Equipment from HSBC was used to make the food recycler, and it’s ready to be used. However, Stewart says the final approvals from the restaurant equipment provider are still needed to ensure its safety and functionality. 

“Ultimately, we want to be able to take our food waste and put it back into the ground, versus down the drain. We want to be able … grow more crops to be used in our own cafeterias supplemented by the waste streams that we’re getting from our plates,” Stewart says. 

In the Environmental Protection diploma program at KPU, students are taught about various environmental issues and the ways they can contribute to creating a more sustainable environment. 

Andrew Frank, an instructor in the program, currently teaches the environmental issues course where students learn about sustainable living. Students learn to calculate their carbon footprints and be aware of how they can reduce it, such as ways to reduce their meat consumption. 

Frank has noticed the university’s steps at achieving sustainability, like the degrees students can complete in sustainable agriculture, policy studies. Since KPU is a commuter campus, he’s noticed the efforts at increasing charging stations on campus. He also acknowledges that improvements can be made to the transportation options to get to campus.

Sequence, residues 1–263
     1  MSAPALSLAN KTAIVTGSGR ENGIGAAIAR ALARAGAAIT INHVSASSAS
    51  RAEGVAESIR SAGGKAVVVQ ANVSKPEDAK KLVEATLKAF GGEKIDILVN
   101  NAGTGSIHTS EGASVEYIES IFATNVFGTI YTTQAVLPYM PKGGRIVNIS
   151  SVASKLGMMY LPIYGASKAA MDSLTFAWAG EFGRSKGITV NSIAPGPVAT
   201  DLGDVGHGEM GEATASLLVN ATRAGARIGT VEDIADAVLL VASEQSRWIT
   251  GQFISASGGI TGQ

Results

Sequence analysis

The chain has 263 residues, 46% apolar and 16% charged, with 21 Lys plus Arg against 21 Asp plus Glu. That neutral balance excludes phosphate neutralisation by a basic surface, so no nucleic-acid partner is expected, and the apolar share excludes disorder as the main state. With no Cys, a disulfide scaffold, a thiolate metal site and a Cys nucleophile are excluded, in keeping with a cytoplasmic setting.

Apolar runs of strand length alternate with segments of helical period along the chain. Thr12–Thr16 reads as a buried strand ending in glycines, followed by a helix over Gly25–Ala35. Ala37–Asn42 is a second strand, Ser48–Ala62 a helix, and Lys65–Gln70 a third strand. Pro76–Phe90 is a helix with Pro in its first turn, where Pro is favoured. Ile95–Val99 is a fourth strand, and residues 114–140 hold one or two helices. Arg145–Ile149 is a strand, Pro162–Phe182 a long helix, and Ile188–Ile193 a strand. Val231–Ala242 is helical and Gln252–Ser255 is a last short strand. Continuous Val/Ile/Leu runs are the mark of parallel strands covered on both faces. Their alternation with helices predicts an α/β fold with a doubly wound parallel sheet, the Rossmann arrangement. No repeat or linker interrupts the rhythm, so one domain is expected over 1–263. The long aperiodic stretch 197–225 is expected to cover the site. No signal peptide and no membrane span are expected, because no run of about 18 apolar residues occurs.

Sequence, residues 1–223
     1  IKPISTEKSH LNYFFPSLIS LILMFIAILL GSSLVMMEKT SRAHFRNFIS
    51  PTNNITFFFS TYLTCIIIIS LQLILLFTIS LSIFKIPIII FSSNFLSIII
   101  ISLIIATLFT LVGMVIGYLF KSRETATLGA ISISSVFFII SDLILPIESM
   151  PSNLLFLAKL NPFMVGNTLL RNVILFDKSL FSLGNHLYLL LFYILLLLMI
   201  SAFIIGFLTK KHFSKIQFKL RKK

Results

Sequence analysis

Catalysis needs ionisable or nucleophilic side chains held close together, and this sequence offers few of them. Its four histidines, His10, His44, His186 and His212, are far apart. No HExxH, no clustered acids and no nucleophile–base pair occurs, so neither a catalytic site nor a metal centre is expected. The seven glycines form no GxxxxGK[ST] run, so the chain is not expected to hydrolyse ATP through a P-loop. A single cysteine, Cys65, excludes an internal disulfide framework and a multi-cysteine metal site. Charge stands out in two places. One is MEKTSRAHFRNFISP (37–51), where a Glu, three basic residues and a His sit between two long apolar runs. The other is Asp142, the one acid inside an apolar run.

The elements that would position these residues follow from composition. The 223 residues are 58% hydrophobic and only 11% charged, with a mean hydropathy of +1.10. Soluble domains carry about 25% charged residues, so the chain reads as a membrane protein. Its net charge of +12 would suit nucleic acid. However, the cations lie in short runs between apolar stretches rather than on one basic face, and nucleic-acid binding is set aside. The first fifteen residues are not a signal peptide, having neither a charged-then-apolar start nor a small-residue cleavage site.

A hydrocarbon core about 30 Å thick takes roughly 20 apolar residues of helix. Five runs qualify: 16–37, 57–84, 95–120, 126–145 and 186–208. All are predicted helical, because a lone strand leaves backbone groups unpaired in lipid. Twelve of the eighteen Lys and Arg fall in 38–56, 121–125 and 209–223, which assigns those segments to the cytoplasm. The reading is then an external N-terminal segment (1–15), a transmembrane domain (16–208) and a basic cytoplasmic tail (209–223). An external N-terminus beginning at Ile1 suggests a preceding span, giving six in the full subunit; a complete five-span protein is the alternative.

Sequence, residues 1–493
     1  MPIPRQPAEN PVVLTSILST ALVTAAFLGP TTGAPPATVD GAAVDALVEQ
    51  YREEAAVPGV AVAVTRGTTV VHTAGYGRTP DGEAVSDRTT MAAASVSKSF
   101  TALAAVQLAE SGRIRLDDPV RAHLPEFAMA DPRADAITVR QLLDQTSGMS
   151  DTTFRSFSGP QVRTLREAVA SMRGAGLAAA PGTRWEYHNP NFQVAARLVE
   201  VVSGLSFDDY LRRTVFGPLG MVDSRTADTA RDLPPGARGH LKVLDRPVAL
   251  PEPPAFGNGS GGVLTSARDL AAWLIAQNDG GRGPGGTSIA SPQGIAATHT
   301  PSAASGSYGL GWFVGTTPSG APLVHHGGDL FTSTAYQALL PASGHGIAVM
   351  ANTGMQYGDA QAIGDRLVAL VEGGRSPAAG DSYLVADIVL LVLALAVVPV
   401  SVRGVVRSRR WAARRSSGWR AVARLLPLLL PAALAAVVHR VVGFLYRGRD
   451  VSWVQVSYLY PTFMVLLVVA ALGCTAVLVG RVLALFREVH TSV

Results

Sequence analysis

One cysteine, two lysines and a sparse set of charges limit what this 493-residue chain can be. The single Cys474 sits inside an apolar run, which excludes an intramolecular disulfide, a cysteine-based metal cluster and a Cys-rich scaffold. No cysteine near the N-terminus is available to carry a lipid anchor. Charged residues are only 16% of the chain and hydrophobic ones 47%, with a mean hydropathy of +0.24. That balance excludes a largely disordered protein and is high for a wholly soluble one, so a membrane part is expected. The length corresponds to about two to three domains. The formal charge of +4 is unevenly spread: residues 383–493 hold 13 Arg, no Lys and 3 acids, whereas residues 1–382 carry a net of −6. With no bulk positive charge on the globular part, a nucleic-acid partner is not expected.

He says increasing these initiatives are good moves to achieving sustainability, and if possible, expanding the campus shuttle service or having it run more frequently can help students with their commutes and their “transportation related carbon footprint.” 

Although KPU is a commuter campus and most students transit to school, own a car, or use the inter-campus shuttle bus, the ESC is working on ways to reduce the use of cars for transportation to campus. 

Last winter, the ESC worked with the Kwantlen Student Association (KSA) to create a sustainability ambassador program, Elliot says. The program allows students to work independently or with groups to undertake sustainability projects. 

“The intent of that is … to identify alternatives to the private commuting vehicles,” Elliot says.